🏆 Our SaaS success stories
I guess we could have started telling our SaaS success stories along time ago… but to be honest, we were too damn busy. We literally have had our heads down, night and day, growth and dev hacking our way to success.
And if I was really being honest, I had a bit of “imposter syndrome” going on too. Jeff probably didn’t, but I did.
But that’s gone now.
We’re ready to tell our story. Not because we want to brag (we have so much farther to go) but we really want to inspire the SaaSpnr who is starting their journey today from ground zero.
No matter when you’re reading this article, it will resonate with you if your trying to build a SaaS application. You are a SaaSpnr.
👨🏽 I’m just a regular guy like you…
Around the spring of 2016 I was living in Los Angeles and grinding it out🏆 at my day job. A 9-to-5 gig in the financial services industry. Not too exciting, not too fulfilling.
Can you relate yet?
I was writing articles and curating content for a food truck blog on the side and was dreaming of being acquired by EaterLA. Just saying that out loud makes me cringe and a laugh at the same time.
How audacious was I to think I could start a blog and then be bought out by some super successful publication not too long afterwards.
Dream big buddy.
I had many paths to monetization for my blog and I started getting some decent traffic. I was up to about 20K a month I believe when I shut it down. I was making around $100 a month on Google Adwords and was getting offers for sponsored posts which was a nice ego stroke.
But I knew it wasn’t a business. I knew that so much that it blinded me.
It literally felt more comfortable to lie to myself and keep dreaming of ways to “make it big” with the blog then it was to hunker down and make the hard decision to pull the plug.
OMG. I think about it now and I experience a range of emotions from wanting to punch myself in the face for being so naive to breaking down an crying to taking a big gulping sigh of relief knowing I got out without wasting too much money.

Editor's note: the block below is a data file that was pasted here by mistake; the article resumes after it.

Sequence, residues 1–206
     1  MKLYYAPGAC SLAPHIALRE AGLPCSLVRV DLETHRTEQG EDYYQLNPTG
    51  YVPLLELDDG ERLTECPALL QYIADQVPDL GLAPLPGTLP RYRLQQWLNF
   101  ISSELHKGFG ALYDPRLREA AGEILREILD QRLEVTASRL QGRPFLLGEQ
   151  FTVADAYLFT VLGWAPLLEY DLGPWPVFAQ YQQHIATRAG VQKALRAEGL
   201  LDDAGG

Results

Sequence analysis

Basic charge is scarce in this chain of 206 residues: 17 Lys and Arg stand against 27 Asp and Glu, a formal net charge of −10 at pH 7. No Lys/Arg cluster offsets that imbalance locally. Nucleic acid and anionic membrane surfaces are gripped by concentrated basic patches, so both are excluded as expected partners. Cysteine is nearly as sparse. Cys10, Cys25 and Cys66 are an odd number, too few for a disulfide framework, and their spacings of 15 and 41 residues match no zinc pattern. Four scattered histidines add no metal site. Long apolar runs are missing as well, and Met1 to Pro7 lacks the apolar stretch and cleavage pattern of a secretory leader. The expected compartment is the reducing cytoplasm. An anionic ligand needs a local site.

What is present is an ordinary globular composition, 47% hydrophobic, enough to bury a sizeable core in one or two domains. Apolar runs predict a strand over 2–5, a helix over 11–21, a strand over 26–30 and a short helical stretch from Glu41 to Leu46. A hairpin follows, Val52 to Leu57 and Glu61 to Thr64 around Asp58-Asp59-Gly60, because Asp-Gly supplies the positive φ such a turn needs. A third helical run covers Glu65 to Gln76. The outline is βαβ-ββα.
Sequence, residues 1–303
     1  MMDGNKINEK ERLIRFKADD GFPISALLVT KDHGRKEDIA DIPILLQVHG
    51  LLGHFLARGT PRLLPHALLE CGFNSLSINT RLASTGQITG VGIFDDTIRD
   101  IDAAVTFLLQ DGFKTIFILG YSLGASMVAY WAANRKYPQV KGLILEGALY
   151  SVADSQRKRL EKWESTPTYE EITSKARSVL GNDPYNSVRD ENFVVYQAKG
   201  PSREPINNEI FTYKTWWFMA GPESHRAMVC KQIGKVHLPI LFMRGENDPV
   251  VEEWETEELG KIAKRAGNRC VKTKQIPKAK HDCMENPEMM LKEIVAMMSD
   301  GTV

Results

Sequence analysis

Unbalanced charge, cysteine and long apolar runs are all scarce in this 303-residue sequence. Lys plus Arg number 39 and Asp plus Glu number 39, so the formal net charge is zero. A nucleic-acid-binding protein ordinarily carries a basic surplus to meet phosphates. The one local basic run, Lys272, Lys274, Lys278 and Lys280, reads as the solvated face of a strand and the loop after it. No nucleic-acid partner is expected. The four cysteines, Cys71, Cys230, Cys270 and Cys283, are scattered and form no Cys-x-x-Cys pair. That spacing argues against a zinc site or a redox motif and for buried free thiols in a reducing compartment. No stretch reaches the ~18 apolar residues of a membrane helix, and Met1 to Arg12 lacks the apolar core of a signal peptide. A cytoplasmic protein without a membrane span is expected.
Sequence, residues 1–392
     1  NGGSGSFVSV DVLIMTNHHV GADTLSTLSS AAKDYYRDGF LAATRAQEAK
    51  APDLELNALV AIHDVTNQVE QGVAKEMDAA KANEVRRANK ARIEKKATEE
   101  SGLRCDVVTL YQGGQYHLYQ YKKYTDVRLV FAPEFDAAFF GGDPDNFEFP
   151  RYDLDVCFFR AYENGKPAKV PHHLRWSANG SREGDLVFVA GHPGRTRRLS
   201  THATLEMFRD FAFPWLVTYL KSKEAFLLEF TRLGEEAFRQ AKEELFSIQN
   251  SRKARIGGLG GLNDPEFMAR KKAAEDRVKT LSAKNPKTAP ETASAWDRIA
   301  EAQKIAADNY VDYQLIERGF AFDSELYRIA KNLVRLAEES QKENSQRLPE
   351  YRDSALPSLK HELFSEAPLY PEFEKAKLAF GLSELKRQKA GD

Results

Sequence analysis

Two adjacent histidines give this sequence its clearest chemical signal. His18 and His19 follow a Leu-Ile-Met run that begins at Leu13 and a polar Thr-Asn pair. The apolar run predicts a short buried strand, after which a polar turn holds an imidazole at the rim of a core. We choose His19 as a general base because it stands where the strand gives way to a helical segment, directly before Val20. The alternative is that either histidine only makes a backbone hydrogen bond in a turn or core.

Want to know how much I wasted on that stupid blog?
How about $10,000 over the 3-4 years I ran it…. with little to no return on it.
What a nightmare. What a let down.
BUT…nothing ventured nothing gained and I always try to remind myself of that. Every seasoned entrepreneur knows that you’ll need 1000 “at bats” before you ever hit your home run. I just wish that one wasn’t so painful and didn’t suck so much of my life away.
I made personal and family sacrifices for that blog. Never again.
So I licked my wounds and went back to the batting cage as it were.
🎵 Welcome to the jungle…
I started looking around for other ways to hustle on the side and I quickly got turned on to Amazon. There was this huge and growing community of side hustlers out there who were all doing retail arbitrage each month and making some serious money.
So I jumped right in with both feet.
I went out and sourced every product I could and bought it low and sold it high.
At one point I was netting $4,000 a month hustling part time after work and on the weekends.
But I wasn’t happy.
I was tinkerer. I was a marketer. I was a creator.
Part of the frustration was that there wasn’t a fast enough tool out there for me to process all of the items I was buying to flip on Amazon. There was just one brand winner in the niche and then a handful of fly-by-night apps that made a weak attempt to provide solutions.
I had an itch and I wanted to scratch it.
I needed to scratch it. If I was going to streamline my process I needed a better tool.
📰 An unlikely encounter on Craigslist…
But I needed a developer
Not even thinking about leveraging Upwork at the time, I made a simple little Craigslist ad that went something like this:
Looking for an expert developer who can take this application (www.competitor.com) and mimic it’s features and capabilities and make it work in any web browser.”